# Inside Interesting Integrals: A Collection of Sneaky Tricks, Sly Substitutions, and Numerous Other Stupendously Clever, Awesomely Wicked, and Devilishly Seductive Maneuvers for Computing Nearly 200 Perplexing Definite Integrals From Physics, Engineering, and Mathematics (Plus 60 Challenge Problems with Complete, Detailed Solutions)

Springer, 27 d’ag. 2014 - 412 pàgines

What’s the point of calculating definite integrals since you can’t possibly do them all?.

What makes doing the specific integrals in this book of value aren’t the specific answers we’ll obtain, but rather the methods we’ll use in obtaining those answers; methods you can use for evaluating the integrals you will encounter in the future.

This book is written in a light-hearted manner for students who have completed the first year of college or high school AP calculus and have just a bit of exposure to the concept of a differential equation. Every result is fully derived. If you are fascinated by definite integrals, then this is a book for you.

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### Continguts

 Introduction 1 Easy Integrals 42 Feynmans Favorite Trick 73 Gamma and Beta Function Integrals 117 Using Power Series to Evaluate Integrals 148 Seven NotSoEasy Integrals 187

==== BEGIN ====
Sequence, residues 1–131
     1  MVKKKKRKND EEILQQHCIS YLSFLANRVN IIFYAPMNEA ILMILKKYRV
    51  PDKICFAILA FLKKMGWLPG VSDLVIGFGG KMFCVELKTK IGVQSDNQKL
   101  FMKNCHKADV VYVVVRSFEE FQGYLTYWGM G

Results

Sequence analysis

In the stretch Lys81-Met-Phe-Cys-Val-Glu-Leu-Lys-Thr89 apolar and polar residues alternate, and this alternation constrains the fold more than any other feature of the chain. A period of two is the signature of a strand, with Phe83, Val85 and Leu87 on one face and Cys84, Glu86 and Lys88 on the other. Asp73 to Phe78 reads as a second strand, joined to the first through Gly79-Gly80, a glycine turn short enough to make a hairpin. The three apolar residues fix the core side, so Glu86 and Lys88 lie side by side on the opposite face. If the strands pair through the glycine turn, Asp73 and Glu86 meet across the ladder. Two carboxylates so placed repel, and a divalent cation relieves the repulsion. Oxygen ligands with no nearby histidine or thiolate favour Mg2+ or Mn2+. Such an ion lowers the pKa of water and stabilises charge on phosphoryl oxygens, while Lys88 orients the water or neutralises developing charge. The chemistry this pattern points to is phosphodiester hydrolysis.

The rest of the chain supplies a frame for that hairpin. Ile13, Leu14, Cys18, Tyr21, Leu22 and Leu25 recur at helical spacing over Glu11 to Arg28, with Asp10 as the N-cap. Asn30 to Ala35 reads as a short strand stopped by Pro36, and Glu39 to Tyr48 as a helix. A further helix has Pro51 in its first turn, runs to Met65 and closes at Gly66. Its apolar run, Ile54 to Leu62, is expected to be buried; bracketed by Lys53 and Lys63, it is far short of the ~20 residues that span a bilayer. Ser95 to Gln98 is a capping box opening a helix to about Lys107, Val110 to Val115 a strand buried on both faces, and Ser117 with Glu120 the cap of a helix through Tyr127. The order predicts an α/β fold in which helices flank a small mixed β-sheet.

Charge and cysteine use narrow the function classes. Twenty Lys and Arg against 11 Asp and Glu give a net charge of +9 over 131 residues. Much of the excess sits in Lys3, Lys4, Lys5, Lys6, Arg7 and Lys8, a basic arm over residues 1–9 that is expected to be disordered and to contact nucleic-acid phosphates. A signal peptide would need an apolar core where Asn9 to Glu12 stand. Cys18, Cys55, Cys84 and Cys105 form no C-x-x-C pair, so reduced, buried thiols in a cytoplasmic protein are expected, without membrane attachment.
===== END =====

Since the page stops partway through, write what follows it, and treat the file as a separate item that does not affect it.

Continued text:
Using to Evaluate Integrals 224 Contour Integration 279 Epilogue 343 Solutions to the Challenge Problems 368 Index 409 Copyright

### Quant a l’autor (2014)

Paul Nahin was born in California, and did all of his schooling there (Brea-Olinda High 1958, Stanford BS 1962, Caltech MS 1963 and - as a Howard Hughes Staff Doctoral Fellow - UC/Irvine PhD 1972, with all degrees in electrical engineering). He has taught at Harvey Mudd College, the Naval Postgraduate School and the Universities of New Hampshire (where he is now emeritus professor of electrical engineering) and Virginia.

Prof. Nahin has published a couple of dozen short science fiction stories in ANALOG, OMNI and TWILIGHT ZONE magazines, and has written 14 books on mathematics and physics. He has given invited talks on mathematics at Bowdoin College, the Claremont Graduate School, the University of Tennessee and Caltech, has appeared on National Public Radio's "Science Friday" show (discussing time travel) as well as on New Hampshire Public Radio's "The Front Porch" show (discussing imaginary numbers) and advised Boston's WGBH Public Television's "Nova" program on the script for their time travel episode. He gave the invited Sampson Lectures for 2011 in Mathematics at Bates College (Lewiston, Maine).